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Xi's diplomacy promotes inclusiveness

By Xu Zhengyuan | China Daily | Updated: 2017-07-24 07:02

President Xi Jinping attends the 12th Summit of the Group of 20 (G20) major economies in Hamburg, Germany, July 7, 2017.[Photo/Xinhua]

President Xi Jinping made some important remarks at the recent G20 summit in Hamburg, Germany, emphasizing the need to stay committed to building an open global economy, fostering new sources of growth for the world economy, and working together to promote inclusive and interconnected growth for shared prosperity and building a global community of shared destiny.

Such remarks constitute a part of Xi's diplomatic philosophy. Xi has used the Belt and Road Forum for International Cooperation in Beijing in May, and his visits to the United Nations regional headquarters in Geneva and the World Economic Forum in Davos in January to popularize China-advocated "Silk Road Spirit", which is characterized by "peace, cooperation, opening-up, inclusiveness, mutual learning, mutual benefit and win-win results". He has made a solemn commitment that China will shoulder its global responsibilities, and continuously integrate into the world economy and international community with an open mind to contribute more to the global economic recovery and development.

Xi's commitments not only demonstrate his broad diplomatic vision as the top leader of a large country, but also are a concise expression of China's consistent diplomatic values. His commitments also indicate that China has begun to make use of international forums and platforms to promote its diplomatic and other values while focusing on making the world a better place by narrating China's stories, offering Chinese proposals and contributing Chinese wisdom to build a more open and inclusive international community.

Diplomatic values, a reflection of a country's perception, judgment and approach in its dealings with other countries, are an integrated system of basic concepts and fundamental principles, based on which it can maintain national interests through diplomatic practices. They directly determine a sovereign country's basic perception of the world order and state-to-state relations, and dominate its diplomatic policies and their implementation.

A country's long-term foreign policy should be consistent with its interests and conform to its diplomatic values, and its concrete diplomatic policies and initiatives are in most cases a manifestation of its diplomatic values. That means diplomatic values directly decide what banner a country will carry, which path it will embark on, what ideologies it will advocate and what ideas it is opposed to. These values will also shape a country's diplomatic trait, guide its diplomatic practices and mold its diplomatic soul and propensity.

China's diplomatic values today are based on its diplomatic practices over more than six decades. With Marxist theory as its guiding light and based on its national conditions, China's diplomatic values have absorbed the quintessence of Chinese civilization, inherited its fine diplomatic tradition and are poised to serve socialism with Chinese characteristics. This is the fundamental reason why these values can maintain their advanced nature and vitality.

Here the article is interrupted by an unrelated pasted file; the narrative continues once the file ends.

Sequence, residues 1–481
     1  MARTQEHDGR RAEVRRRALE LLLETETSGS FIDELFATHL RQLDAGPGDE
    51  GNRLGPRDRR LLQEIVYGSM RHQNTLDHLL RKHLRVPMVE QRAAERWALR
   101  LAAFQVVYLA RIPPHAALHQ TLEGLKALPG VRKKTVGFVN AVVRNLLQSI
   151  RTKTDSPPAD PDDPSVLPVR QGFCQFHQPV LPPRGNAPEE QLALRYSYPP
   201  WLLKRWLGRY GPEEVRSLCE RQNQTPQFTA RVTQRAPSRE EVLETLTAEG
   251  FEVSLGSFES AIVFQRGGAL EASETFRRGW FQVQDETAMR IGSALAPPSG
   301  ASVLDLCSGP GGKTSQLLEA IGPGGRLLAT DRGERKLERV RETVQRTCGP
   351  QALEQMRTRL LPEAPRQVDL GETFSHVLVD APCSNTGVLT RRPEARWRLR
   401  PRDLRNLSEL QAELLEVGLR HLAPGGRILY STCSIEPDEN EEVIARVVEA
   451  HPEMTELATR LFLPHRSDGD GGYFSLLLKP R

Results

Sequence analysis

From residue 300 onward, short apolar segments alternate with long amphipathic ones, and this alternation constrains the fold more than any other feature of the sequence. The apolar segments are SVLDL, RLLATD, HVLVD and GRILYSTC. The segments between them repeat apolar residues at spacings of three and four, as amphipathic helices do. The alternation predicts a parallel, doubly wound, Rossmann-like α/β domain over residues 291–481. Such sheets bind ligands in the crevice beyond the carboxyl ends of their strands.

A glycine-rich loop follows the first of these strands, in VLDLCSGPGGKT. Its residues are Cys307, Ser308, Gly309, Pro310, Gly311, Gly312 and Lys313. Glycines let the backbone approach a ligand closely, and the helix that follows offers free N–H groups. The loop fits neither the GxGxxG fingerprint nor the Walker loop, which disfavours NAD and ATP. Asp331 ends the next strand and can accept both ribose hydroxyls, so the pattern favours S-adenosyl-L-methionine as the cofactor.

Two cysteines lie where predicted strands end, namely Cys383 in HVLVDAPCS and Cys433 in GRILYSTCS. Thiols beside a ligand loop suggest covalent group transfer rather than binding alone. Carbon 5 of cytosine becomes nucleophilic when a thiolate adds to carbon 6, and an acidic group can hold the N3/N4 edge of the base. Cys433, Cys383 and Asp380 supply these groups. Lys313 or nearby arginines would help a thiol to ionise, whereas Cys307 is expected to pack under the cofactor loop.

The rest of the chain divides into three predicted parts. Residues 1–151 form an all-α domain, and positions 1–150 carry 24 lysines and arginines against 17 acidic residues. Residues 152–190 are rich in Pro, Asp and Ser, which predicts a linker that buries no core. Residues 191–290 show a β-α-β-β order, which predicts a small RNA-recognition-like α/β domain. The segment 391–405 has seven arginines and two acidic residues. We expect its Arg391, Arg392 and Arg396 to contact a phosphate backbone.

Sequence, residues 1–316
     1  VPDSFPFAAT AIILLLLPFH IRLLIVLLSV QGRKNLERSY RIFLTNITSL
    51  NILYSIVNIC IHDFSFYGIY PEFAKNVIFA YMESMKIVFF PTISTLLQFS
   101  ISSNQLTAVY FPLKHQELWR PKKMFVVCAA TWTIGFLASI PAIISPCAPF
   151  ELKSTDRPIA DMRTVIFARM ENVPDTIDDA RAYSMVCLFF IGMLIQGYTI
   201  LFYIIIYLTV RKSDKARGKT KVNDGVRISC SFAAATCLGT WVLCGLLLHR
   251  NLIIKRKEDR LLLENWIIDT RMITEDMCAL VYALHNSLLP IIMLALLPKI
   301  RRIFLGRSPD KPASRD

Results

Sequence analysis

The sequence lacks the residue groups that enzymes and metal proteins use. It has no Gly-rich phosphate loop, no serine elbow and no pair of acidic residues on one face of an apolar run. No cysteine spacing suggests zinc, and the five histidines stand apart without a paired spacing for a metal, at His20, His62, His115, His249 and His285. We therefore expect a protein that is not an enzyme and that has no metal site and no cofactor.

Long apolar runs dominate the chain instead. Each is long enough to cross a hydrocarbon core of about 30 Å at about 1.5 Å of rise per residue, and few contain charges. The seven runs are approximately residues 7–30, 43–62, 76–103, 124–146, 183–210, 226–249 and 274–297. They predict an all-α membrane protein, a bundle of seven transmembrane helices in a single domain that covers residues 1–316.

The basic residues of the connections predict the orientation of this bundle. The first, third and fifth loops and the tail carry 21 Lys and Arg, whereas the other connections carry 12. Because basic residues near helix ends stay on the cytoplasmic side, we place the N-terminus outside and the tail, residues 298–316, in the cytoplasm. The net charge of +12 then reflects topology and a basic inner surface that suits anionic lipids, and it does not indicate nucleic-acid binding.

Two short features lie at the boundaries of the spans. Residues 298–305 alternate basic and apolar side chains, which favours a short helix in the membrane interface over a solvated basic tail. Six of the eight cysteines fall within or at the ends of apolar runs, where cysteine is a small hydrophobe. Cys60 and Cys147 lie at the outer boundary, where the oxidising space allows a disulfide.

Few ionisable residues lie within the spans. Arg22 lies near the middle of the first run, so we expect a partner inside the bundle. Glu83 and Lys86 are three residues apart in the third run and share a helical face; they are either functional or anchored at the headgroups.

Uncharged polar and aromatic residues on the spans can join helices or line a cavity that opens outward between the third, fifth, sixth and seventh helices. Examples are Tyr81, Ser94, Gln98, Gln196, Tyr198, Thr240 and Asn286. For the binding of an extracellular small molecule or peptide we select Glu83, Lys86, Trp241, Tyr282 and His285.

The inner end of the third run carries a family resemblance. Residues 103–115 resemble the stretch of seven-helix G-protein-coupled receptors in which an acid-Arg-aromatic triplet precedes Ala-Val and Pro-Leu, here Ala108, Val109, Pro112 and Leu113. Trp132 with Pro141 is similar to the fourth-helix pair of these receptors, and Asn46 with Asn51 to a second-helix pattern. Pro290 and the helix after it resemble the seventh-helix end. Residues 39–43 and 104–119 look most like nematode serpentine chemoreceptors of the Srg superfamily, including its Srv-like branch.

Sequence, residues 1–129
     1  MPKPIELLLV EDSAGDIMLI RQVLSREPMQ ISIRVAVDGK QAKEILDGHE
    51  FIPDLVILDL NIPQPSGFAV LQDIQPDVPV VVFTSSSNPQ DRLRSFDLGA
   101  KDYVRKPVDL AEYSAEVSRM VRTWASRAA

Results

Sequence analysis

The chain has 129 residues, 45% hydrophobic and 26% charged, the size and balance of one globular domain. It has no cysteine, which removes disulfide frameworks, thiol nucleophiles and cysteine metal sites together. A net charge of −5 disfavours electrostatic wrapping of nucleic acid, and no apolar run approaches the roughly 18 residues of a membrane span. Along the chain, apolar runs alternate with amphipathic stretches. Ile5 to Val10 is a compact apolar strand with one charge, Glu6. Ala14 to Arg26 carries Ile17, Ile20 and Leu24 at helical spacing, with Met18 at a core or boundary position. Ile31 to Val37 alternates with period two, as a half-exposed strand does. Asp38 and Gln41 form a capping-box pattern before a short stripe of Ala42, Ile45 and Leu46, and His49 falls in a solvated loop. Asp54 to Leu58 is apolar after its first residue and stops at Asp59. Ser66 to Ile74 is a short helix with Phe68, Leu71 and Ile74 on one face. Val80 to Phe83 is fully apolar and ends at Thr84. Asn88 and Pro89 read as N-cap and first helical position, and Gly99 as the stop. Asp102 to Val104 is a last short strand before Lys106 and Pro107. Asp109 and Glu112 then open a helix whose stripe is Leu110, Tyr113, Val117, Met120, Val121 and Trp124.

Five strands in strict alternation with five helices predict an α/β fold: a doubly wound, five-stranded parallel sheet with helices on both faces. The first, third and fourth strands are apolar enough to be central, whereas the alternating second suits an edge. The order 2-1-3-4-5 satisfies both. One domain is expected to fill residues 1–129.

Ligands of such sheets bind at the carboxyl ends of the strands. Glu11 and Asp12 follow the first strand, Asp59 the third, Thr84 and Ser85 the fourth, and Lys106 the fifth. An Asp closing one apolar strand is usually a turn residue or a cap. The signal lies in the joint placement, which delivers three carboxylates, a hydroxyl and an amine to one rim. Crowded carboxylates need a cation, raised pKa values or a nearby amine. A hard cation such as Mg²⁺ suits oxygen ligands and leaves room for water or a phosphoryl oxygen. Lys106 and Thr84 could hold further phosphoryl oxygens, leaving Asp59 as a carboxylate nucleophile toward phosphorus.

After decades of enrichment, China's diplomatic values have evolved into an organic combination of systematic diplomatic concepts and proposals. Sovereign equality is a prerequisite for these diplomatic values. And the essence of sovereign equality is: the sovereignty and dignity of all countries, big or small, strong or weak, rich or poor, should be respected, and their participation in the decision-making process of various international institutions on an equal footing constitutes an important driver of improved global governance, just as Xi has emphasized. They are based on the possession of an independent and self-decided power.

The core spirit of socialism with Chinese characteristics is the belief that Chinese people are the backbone of China's development path and the country's adherence to a development road that suits its national conditions. No country should regard its development road superior to that of other countries or impose its own development path upon others, as Xi has said.

As the largest developing country in the world, China has long viewed reform and development as its core national task and a core guideline for handling international relations. It fully understands and respects the urgent demand of the large number of developing countries to push forward economic and social development, firmly supports globalization and opposes protectionism, and advocates and promotes the Belt and Road Initiative to share its own development opportunities with other countries.

China advocates democratization of international relations, promotes the development of a new type of international relations with cooperation and win-win results as its core, and adheres to an approach that is fair and just. The concept of building a human community of shared destiny put forward by Xi thus reflects China's desire to pursue fairness and justice.

China pursues a defensive national defense policy, has implemented an overall national security policy, and strongly opposes the use of force or threat to resolve international disputes. It advocates the establishment of a common, comprehensive, cooperative and sustainable security outlook and strives to build a world of lasting peace and prosperity.

There are good reasons to believe that with China becoming an important player on the world stage, its leaders will promote such Chinese values with greater confidence and in a stronger voice.

The author is a research fellow at the National Academy of Development and Strategy, Renmin University of China.


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